Fear HerBookmark and Share

Monday, 26 June 2006 - Reviewed by Billy Higgins

As with Love and Monsters, this episode smacked of “end-of-budget filler” and, compared to the lavishness of Episodes 5 & 6, 8 & 9 and (I think it’s safe to assume) 12 & 13, well, it didn’t compare, did it?

However, money (like size, or so I’ve been reliably informed) isn’t everything, and you can still tell a good story without big-name casts or CGI. So, was Fear Her a good story? It certainly had a good central idea – children disappearing from the streets after being drawn by a possessed 12-year-old girl, with The Doctor and Rose called in to investigate. By “called in”, of course, I mean the TARDIS landing casually in the next street and, hey presto, another instant adventure! As I’ve said before, still not much room for foreplay in New Who (well, not the 45-minute version anyway) it’s wham, bam, let’s get down to it.

That’s the nature of the beast these days, but it is rather like going straight to the chorus of the song without the intro. That said, there were some good, scary moments as The Doctor and Rose closed in on Chloe’s secret, and Rose being attacked by a “scribble” was a clever idea and well-realised. The nightmare “Dad” in the cupboard played on a traditional fear of monsters lurking in the cupboard, and was another “behind the sofa” moment for those of that ilk.

However, there were also large sections of the episode when my mind went wandering, and one of the problems here was little affection for this week’s guest cast. No particular problem with the actors, but New Who does attempt to build up characterisation, and that’s very difficult in this short format. Here, I suppose there was an allusion to domestic violence, but I think the point – if they were trying to make one, might be guilty of over-analysis here – was rather lost. And didn’t we kind of do all this in The Idiot’s Lantern anyway, which wasn’t a million miles away from Fear Her in overall concept either?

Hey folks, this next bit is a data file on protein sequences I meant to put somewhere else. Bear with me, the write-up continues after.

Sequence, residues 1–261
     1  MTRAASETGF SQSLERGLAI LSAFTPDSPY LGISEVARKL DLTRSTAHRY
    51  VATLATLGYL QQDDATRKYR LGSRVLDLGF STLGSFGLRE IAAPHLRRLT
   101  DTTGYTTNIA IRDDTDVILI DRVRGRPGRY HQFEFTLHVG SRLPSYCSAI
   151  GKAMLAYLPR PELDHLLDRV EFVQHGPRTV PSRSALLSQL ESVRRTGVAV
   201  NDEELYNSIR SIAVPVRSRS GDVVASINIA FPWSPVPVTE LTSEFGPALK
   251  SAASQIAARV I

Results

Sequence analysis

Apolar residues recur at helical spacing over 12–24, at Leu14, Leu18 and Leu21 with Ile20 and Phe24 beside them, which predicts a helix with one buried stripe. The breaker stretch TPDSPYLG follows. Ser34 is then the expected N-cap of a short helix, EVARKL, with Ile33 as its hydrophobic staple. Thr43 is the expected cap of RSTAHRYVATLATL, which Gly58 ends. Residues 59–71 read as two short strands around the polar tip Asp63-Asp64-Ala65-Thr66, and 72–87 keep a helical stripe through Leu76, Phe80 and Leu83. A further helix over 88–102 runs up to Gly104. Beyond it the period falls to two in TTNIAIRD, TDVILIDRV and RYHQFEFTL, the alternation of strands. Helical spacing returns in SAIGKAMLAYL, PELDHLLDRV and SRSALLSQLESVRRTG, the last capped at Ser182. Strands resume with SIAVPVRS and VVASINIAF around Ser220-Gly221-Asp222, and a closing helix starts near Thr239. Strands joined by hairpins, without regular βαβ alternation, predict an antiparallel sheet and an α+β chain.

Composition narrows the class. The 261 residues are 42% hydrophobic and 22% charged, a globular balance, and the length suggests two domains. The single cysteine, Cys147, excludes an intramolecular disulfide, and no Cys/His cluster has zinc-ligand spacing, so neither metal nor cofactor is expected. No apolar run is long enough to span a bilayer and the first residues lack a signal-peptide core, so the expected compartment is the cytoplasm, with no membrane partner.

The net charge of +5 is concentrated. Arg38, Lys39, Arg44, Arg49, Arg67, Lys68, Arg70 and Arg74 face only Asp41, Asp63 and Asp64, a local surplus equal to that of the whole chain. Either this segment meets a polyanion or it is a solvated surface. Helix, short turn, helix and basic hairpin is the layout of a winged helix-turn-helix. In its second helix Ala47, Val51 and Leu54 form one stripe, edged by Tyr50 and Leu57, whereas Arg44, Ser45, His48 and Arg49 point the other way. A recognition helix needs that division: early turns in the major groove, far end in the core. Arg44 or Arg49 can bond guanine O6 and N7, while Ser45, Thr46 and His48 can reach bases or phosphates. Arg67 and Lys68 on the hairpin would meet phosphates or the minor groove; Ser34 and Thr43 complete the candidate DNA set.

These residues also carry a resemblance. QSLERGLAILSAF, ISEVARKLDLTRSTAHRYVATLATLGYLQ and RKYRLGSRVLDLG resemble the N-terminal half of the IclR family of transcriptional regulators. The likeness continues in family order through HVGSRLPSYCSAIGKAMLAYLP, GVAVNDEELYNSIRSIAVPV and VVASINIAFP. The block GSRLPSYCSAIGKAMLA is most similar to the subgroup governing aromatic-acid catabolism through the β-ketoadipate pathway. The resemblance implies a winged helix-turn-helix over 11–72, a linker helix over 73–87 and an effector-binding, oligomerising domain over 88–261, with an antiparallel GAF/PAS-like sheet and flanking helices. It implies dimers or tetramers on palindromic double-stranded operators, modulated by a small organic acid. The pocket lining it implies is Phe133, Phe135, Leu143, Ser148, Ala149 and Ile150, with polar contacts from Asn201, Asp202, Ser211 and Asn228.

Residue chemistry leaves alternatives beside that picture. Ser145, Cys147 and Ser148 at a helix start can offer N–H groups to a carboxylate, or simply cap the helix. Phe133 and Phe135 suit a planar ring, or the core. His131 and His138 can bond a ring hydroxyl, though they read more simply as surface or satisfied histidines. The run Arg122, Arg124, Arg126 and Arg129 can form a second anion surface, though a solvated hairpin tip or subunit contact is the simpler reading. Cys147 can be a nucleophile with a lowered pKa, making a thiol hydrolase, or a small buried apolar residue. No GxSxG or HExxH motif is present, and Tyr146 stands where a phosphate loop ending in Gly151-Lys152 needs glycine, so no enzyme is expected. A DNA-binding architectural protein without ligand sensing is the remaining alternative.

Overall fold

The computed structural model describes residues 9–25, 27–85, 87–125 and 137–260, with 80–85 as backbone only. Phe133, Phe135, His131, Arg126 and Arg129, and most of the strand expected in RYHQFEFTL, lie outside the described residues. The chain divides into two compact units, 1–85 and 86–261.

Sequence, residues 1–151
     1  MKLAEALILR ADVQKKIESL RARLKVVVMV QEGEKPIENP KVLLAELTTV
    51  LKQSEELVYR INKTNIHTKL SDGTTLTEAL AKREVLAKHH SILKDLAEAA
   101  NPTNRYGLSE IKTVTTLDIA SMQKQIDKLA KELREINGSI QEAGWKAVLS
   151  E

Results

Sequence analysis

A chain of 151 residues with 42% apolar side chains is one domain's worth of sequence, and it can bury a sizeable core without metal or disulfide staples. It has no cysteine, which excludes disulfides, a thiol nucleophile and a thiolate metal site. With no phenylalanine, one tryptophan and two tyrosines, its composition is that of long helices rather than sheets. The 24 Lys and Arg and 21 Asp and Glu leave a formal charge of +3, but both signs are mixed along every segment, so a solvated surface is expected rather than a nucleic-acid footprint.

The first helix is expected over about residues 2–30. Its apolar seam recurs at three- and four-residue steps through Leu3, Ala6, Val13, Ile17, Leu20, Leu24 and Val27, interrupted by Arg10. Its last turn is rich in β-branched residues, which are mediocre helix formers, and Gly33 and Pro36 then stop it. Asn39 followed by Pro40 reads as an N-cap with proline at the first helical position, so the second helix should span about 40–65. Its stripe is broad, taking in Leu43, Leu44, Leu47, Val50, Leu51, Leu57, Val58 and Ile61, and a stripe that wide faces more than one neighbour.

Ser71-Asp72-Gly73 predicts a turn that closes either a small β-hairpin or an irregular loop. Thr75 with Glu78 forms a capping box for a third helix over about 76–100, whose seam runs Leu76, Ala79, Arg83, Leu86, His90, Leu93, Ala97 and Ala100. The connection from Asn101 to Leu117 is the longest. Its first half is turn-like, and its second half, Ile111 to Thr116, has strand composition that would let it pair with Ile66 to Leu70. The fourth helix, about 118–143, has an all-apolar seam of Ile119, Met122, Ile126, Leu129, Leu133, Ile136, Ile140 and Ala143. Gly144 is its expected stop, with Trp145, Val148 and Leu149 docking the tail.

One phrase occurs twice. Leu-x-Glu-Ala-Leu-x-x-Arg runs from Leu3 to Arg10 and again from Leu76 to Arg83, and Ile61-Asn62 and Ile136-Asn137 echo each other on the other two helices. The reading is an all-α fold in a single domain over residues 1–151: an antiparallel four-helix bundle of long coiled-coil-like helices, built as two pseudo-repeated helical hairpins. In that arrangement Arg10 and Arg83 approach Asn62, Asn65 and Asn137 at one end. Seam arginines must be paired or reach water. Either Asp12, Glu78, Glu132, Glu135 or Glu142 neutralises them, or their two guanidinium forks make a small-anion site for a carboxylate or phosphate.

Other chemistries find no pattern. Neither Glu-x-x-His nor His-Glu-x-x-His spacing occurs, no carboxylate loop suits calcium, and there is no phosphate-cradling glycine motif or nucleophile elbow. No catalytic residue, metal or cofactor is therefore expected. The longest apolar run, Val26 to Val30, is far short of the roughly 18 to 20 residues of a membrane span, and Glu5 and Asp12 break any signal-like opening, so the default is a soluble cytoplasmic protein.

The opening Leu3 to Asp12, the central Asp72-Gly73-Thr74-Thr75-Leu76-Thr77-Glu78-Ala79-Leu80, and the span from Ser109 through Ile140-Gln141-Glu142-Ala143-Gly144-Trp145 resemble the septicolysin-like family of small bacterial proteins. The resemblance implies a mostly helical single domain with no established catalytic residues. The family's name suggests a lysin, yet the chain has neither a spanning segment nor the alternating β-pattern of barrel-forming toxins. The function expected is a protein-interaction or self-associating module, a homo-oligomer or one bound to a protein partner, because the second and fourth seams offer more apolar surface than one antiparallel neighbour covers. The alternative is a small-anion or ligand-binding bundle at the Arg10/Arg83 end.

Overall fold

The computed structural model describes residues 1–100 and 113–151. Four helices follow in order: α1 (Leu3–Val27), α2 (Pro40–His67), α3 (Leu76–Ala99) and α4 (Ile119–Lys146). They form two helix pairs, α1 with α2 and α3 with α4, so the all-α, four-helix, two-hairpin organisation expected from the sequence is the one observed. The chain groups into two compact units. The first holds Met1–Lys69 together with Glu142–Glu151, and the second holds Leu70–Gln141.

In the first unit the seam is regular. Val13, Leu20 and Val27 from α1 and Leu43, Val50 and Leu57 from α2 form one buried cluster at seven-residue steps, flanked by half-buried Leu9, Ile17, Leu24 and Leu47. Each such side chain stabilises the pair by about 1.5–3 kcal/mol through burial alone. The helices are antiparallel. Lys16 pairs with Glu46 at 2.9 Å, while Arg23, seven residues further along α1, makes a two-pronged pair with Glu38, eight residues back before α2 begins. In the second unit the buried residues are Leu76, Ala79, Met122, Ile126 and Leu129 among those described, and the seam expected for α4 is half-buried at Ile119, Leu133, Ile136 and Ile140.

I have a suspicion that the 2012 setting was chosen purely to realise the scene of The Doctor picking up the Olympic torch. And OK, why not? It was a bit cheesy and, personally, it was more likely to make me wretch than weep, but it was a bit of fun, and was a reasonable way to wrap up the story.

In truth, it rather started and finished without me caring too much about what was going on. I didn’t hate it – I NEVER hate Doctor Who – but it’s reasonable to compare it to other episodes, and I couldn’t put it above many, if any, this season.

Fear Her was reminiscent of a Sapphire and Steel episode (no bad thing) but the suburban setting, the vanishing children and even the cat actually reminded me more of Survival, which was one of my favourite McCoy stories (admittedly, it’s not a huge list) and which had actually had more depth to it than Fear Her. It really needed more time to build up the mystery, and allow the story to develop. As no fan of the 45-minute format (I’d rather see 10 episodes at an hour in a series, or five two-parters and three one-parters in the current shape) and feel we’re not getting the most out of some good stories – this being a case in point. What are the chances of a single episode ever winning a season survey, do you think?

As ever, no real quibble with the quality of the writing. I’m a big fan of Matthew Graham’s Life On Mars, and I thought there was some good material in Fear Her, especially for the lead actors. And plus points were decent performances from David Tennant and especially Billie Piper. The latter is so good, she could easily carry the lead in a series. And, the better the material, the better her performance. It hasn’t always been the best for her this season, but that hasn’t been Piper’s fault – she’s been terrific, and is really every bit as much a star of the show as Tennant.

Probably the clearest example of my lack of enthusiasm for Fear Her was that the best thing about this episode was the closing scene and the thrilling trailer for the first part of this season’s denouement. It was absolutely terrific and, even the most casual of viewers is bound to make a return date for Army Of Ghosts based on that. Fear Her was the calm before the oncoming storm and, like the calm, we’ll probably quickly forget it – but I think we’ll always remember the storm . . .